Now is a good time to start sourcing your own protein and filling your freezer with wild-game meats.
Whether you’re seeking deeper connections to your food or you simply want to better understand where it comes from, grab your bow and arrows. Bowhunting is a great way to secure fresh meat for delicious meals you can share with family and friends.
A more self-sufficient lifestyle is easier to achieve than you might think. Many state wildlife agencies offer free classes that teach newcomers basic archery skills, where to hunt, and what to do with quarry you arrow. Some classes culminate with a mentored hunt so you can test your field skills while being coached by an experienced hunter. Contact your state’s wildlife agency to find a class. “Learn to hunt” food classes offer great starting points, or you can teach yourself to hunt.
Small-game animals like rabbits and squirrels are accessible across the country, often on public lands within reasonable driving distances of home. In addition, you probably won’t have to work as hard for a good shooting opportunity as you would on white-tailed deer. And even if you miss, you’ll likely get several chances to put meat in your freezer by focusing on rabbits and squirrels while honing your shooting skills.
Although small and less meaty than larger animals, rabbits and squirrels are gateway critters for sourcing protein. Big-game animals like deer, elk and bears require lots of space, like a garage or utility shed for processing, and chest freezers for storage. Small game, however, can be cleaned afield before heading home, and stored in a refrigerator’s freezer compartment.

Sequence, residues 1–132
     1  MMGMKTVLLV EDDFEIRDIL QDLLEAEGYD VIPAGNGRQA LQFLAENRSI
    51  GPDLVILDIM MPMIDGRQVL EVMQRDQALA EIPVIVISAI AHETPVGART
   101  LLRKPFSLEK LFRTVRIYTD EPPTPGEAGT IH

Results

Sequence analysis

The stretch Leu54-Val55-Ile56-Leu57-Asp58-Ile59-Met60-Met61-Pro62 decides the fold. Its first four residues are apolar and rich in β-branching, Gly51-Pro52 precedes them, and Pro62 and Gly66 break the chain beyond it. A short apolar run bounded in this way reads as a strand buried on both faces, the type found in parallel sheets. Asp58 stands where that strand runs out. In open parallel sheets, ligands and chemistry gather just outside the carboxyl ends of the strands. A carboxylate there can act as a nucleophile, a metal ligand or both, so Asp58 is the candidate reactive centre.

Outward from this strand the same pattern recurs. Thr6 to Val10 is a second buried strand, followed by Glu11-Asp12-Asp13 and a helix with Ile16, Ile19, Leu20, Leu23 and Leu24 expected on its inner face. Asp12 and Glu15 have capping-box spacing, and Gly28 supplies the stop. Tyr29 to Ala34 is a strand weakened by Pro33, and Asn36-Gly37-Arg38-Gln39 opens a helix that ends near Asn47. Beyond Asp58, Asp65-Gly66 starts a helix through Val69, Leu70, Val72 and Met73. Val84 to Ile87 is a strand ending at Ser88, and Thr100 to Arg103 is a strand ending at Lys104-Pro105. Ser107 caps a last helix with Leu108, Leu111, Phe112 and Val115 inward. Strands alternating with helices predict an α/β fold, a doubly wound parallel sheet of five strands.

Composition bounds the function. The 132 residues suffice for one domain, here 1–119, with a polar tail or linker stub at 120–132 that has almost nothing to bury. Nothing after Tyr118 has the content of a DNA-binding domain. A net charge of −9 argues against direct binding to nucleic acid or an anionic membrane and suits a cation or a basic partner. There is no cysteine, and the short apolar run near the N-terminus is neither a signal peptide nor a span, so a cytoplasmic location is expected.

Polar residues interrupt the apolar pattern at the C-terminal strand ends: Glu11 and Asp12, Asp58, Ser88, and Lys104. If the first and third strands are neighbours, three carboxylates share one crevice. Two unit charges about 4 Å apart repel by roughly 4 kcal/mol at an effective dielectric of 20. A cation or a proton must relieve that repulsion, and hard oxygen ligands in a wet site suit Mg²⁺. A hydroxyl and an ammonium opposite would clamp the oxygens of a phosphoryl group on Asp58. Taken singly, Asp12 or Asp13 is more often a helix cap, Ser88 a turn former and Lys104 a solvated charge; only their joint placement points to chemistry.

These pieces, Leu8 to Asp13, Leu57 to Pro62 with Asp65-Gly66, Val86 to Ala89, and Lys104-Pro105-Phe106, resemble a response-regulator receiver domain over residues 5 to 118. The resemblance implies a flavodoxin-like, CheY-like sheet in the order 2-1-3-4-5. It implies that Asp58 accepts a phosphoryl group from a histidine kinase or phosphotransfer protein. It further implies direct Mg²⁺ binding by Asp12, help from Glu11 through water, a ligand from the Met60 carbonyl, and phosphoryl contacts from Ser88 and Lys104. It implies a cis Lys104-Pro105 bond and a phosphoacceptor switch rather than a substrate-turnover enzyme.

That’s an important consideration because many of us live in apartments or in small homes with little space for butchering and storing big game. By starting small, you can learn how to clean and break down animals before tackling big game.
You sneaked into bow range of a wary animal and made a clean, ethical kill. Caring for your harvest in the field ensures you’ll be rewarded with a delicious meal. Start field dressing the animal by carefully using a sharp knife to open the abdomen and removing the entrails. You’ll find many videos and articles that illustrate this process for your quarry.
When finished, keep the carcass in a cool, dry place with airflow. Moisture grows bacteria, so avoid water or precipitation. You can now turn the animal into food items.
To fully appreciate the protein-sourcing process, butcher the animal yourself. That can sound intimidating, but it differs little from breaking down chicken parts. Plus, you’ll find many resources that explain how to process wild game and make good cuts of meat. A knife, sharpener, gambrel (for hanging deer), cutting board, meat grinder, and vacuum sealer are basic starter necessities.
Separate the meat into piles of steaks and roasts; trimmings for stew or jerky; and scraps for grinding. Package steaks and roasts individually, and grind the scraps. Label and sort everything after using a vacuum sealer to prepare all meat for storage, which ensures wild game has a long shelf life in your freezer.
Procuring your own protein can be daunting fun, and it ensures a self-sufficient lifestyle that’s healthy and rewarding. For the price of a hunting license, vehicle fuel, and basic butchering and packing items, you can use your bow and arrow to pack your freezer with healthy, organic meat.